Published: September 07, 2019
How do you capture the realities of climate change in a novel — not just its causes and symptoms, but the ever-changing, ever-weirder ways it is manifesting, within the conventional framework of a story with a beginning, middle and end?
Answering that question is, according to the writer Amitav Ghosh, the literary world’s great challenge. “I feel completely convinced that we have to change our fictional practices in order to deal with the world that we’re in,” he said.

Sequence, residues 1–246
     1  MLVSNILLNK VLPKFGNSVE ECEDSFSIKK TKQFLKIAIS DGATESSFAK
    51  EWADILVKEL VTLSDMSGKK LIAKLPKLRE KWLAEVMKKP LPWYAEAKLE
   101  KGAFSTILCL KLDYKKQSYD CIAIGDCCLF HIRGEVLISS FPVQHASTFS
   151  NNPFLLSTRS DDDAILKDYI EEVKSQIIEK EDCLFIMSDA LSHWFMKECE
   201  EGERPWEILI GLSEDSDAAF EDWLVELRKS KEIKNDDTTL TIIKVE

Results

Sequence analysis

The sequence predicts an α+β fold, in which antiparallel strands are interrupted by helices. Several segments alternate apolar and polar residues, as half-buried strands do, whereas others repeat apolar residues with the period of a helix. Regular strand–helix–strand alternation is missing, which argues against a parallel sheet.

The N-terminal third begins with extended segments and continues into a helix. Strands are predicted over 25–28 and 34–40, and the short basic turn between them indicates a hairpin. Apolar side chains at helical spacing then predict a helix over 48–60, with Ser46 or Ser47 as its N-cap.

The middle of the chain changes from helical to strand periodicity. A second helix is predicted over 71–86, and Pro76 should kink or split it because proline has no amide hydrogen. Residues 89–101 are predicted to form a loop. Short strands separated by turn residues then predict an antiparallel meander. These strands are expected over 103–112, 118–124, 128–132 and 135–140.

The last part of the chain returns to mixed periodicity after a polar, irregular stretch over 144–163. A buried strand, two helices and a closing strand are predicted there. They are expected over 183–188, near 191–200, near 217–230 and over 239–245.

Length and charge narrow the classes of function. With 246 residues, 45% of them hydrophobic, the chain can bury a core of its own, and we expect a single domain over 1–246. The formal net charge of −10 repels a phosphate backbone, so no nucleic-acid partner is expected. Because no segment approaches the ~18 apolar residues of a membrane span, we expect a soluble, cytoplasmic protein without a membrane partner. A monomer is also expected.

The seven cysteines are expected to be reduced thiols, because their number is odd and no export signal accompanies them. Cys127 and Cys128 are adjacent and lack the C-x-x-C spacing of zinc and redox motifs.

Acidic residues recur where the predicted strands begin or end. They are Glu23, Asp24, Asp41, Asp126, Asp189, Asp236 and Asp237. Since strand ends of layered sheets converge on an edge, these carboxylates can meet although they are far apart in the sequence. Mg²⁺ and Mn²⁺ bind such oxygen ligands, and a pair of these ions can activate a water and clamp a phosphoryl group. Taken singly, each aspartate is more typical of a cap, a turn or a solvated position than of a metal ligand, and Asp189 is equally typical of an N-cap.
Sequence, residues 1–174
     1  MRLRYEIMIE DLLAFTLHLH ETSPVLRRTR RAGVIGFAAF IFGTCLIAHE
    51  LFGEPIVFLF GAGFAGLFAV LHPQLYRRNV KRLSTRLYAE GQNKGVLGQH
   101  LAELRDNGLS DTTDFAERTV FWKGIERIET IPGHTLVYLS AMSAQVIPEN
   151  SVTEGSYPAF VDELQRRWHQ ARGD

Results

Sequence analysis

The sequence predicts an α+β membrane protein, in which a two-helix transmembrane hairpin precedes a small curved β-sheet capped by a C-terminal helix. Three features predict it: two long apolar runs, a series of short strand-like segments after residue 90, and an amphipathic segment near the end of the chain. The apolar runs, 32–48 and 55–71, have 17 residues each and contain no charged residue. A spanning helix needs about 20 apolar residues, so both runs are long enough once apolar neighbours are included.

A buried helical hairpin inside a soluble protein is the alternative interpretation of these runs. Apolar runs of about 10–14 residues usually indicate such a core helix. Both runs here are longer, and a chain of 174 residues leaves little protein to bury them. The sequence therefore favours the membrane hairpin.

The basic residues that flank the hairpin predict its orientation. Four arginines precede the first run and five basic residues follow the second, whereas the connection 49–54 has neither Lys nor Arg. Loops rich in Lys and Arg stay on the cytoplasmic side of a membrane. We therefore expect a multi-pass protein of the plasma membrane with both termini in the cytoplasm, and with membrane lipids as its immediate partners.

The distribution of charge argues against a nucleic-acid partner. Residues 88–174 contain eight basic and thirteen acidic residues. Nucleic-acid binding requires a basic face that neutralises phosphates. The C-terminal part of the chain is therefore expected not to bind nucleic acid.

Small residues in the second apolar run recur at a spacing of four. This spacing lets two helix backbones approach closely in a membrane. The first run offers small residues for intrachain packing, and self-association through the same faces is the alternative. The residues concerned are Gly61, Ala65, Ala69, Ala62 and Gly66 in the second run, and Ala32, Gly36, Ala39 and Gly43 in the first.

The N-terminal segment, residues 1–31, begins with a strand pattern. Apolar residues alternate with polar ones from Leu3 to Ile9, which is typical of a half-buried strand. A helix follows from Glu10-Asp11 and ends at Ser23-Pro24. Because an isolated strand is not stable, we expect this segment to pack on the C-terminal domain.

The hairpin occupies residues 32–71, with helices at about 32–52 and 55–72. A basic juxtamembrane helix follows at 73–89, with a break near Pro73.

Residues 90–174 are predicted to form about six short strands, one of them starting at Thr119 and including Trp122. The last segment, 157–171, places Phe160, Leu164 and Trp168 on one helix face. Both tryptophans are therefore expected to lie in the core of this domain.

“Something this big and this important, there have to be an infinite number of ways to just talk about it,” he said, similar to how war, slavery, colonization, famine and other crises and events have seeped into so many forms of literature.
Ghosh, 63, is attempting to add something to the conversation with “Gun Island,” his 12th book . The novel, which comes out Tuesday, leaps from the United States, to the Sundarbans mangrove forest between India and Bangladesh, to Italy, places where rising temperatures and water levels have uprooted human and animal lives and upended political systems. source